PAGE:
It was a feat of military precision getting myself out of the house and down to the railway station in time for the 10.29 to London Victoria.
Because I was leaving Mr
B "Home Alone" for the best part of the day, there was a flask of coffee to prepare, chunky vegetable soup to heat up for another, smaller flask, the wherewithal for a cheese sandwich (if so desired) to be set out. Have you ever tried spooning chunky vegetable
soup into a flask? It's a messy business. I wouldn't mind but when Mr B came to sup the soup at lunchtime, he complained that it was only warm. I blame the flask. That soup was boiling hot when I transferred it from saucepan to flask and I have the scars -
and the splashes - to prove it.
Anyway, after all that, I was off and away to the station - only to find, on arrival, that the 10.29 train had been cancelled. Industrial action? I hear you ask. Or, perhaps,
Autumn leaves on the line? No, nothing so understandable. The train had been cancelled because it was running late. It wasn't, to be strictly accurate, cancelled at all, it just wouldn't be stopping at my station. This meant that at precisely 10.33 I and my
fellow Disgruntled Customers had to watch while our train (which obviously wasn't our train, but you know what I mean) shot through the station at top speed. I am ashamed to say, dear reader, that - mild-mannered as I am - I shook an angry fist in its direction
as it hurtled through.
I whiled away the next twenty minutes chatting to a most charming fella who, like me, had decided to catch the next train to Hove in a bid to pick up the next London train from there.
We could have stayed put where we were but the station master advised that there was no guarantee the 11.06 might be too late to stop for us. And, as I told my New Best Friend, it must be better to travel hopefully, rather than not at all.
We discussed whether the rail company could be said to be discriminating against Folk Like Us, by positively deciding to miss us out even though the train was still running, still picking up passengers at other, more favoured,
stations. We decided it was discriminatory though there didn't appear to be any Acts of Parliament legislating against such treatment, as far as we were aware. My fellow passenger told me that when he first travelled to London from this station, it cost a
mere £1.50 return. I didn't like to ask how long ago this was; it seemed rude when we had only just met. We reminisced about the Olden Days of steam trains when you would arrive at your destination smelling of smoke and with clothes filthy with soot.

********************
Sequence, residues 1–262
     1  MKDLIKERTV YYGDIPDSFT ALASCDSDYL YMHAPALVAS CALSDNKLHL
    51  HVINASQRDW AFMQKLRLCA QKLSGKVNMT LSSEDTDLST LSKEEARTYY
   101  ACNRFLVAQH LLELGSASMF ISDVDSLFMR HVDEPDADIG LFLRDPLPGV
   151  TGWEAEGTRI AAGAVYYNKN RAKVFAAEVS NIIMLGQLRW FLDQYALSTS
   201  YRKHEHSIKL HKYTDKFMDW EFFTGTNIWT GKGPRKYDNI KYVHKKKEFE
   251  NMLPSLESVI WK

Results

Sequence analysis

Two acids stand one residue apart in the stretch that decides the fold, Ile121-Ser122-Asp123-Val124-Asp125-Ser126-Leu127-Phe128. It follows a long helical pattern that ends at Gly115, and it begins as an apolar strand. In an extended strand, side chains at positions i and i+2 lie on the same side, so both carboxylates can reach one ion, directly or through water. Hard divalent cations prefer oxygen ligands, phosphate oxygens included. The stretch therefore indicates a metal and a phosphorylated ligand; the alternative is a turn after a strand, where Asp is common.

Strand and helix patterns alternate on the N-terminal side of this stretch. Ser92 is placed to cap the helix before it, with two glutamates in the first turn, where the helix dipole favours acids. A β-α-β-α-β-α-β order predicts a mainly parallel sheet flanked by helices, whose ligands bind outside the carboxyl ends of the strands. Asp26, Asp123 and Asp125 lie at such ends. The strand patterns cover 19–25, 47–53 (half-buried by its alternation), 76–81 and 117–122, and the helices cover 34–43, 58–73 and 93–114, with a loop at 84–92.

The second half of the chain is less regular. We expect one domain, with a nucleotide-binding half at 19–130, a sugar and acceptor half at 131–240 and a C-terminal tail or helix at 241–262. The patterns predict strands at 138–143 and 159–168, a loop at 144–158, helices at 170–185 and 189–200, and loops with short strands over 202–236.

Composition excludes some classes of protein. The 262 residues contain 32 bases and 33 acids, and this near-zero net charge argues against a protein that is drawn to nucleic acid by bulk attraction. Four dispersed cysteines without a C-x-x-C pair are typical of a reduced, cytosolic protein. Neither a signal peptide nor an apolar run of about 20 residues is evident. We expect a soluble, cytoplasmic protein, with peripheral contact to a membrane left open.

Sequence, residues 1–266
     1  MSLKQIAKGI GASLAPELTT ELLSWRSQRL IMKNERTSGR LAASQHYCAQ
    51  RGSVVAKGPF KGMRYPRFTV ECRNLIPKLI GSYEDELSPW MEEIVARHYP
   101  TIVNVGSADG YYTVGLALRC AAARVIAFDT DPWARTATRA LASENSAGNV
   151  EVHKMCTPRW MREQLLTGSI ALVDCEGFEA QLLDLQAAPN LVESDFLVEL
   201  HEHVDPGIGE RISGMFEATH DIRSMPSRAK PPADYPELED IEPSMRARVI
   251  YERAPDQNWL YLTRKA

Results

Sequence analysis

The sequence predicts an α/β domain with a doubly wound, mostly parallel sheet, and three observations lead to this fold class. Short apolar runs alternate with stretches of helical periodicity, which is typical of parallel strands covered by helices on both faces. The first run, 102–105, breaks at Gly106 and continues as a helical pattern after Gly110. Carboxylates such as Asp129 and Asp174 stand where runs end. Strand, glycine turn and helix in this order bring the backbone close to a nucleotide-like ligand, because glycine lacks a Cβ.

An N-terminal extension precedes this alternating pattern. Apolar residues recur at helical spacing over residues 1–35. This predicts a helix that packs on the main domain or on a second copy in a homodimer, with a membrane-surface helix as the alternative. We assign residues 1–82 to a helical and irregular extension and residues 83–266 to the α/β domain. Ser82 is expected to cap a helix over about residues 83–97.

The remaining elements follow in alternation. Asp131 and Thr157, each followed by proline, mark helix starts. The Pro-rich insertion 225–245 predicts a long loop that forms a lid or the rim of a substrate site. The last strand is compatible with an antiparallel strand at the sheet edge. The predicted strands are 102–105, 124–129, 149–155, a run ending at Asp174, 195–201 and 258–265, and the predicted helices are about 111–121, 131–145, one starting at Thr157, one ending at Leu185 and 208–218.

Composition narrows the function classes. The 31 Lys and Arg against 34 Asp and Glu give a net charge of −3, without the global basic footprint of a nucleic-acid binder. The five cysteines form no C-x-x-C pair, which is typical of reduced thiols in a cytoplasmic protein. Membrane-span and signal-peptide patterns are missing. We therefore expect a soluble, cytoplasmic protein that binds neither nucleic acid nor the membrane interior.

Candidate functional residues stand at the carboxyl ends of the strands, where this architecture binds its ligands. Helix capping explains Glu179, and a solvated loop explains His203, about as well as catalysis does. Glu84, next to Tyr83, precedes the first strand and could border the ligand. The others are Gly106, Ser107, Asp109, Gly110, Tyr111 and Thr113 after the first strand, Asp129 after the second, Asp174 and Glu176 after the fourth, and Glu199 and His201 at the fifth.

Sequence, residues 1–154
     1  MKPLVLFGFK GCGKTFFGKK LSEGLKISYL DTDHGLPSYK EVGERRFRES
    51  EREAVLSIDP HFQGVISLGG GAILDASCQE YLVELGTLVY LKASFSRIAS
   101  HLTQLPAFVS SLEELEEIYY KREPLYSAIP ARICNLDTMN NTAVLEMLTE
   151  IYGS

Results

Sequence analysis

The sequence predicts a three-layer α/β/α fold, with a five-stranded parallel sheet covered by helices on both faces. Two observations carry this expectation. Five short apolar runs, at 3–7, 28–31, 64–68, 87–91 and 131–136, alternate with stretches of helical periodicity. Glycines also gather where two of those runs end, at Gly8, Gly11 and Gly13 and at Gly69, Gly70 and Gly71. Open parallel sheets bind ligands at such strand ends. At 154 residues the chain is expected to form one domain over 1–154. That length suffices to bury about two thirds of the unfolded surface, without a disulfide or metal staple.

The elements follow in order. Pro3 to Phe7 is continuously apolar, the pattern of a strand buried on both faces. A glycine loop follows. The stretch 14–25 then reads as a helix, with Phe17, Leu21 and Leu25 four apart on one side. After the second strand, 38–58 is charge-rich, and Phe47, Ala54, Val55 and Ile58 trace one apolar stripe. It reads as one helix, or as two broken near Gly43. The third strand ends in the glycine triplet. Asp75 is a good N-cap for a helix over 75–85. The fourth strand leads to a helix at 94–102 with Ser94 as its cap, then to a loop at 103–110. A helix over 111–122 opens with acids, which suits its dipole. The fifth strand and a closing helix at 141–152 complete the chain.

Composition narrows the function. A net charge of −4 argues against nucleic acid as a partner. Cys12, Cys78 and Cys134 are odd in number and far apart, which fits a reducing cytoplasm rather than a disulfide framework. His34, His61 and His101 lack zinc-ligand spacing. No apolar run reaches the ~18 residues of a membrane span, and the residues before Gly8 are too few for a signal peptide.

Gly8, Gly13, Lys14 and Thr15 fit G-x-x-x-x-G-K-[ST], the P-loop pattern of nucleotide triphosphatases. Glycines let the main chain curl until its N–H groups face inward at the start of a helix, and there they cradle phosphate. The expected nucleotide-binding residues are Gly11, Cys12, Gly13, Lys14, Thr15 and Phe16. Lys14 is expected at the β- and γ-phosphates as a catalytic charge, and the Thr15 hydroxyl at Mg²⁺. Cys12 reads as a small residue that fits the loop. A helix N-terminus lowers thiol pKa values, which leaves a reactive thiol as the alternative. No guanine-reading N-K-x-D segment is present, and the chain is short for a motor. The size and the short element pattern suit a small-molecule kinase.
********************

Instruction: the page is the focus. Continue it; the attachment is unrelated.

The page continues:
At this point, the Hove train arrived so we took seats in separate carriages - but met again on Platform 1 where we were entertained by the fact that the station announcer had to keep explaining platform changes because
none of the trains seemed to be coming in on the platform which was their original destination. At least they were stopping, we comforted each other. After announcing yet another platform change, an exciting invitation: we were invited to take part in a customer
survey to help plan future train services. From 2018 onwards. Really, we agreed as we parted company to board the train (which, predictably, came in on platform 2 instead of platform 1), you couldn't make it up.
I wonder where my One Time Friend was going when he arrived in London? I was meeting up with the Youngest of the Darling Daughters for our latest Lunch and Theatre Day Out. So special they are, these regular meetings with my daughter. Because of the
cancelled train, our lunchtime was foreshortened though we talked at twice the speed to make up for it. What's more, would you believe, our seats were upgraded from Way Up High to the stalls where we had an excellent view of Roald Dahl's Matilda. Yes, we were
up on our feet at to end for a well-deserved standing ovation. We would almost certainly have done the same, had we been up in the Grand Circle, but my daughter would have been anxiously clutching at me with desperate fingers in case I accidentally toppled
over the balcony. The audience would have thought it was yet another Startling Stunt in a production which boasted many such show-stoppers including the unforgettable "Revolting Children", a song which I would find myself singing for the next 24 hours. Hopefully
none of the young parents I met would take it personally....
On my way home on a train which actually turned up and left on time, I checked my mobile phone and there was a message from my dear friend Eleanor
who had called in to check up on Mr B in my absence. They had enjoyed themselves, she told me, putting the world to rights. Well, let's face it, somebody has to.
"Drew the curtains and turned on lights so
it shouldn't be too gloomy on your return," she added. And, yes, she was as good as her word - for, approaching home in the rain, I could see the porch light shining the warmest of welcomes.
Not for the first
time, I found myself counting my (many) blessings...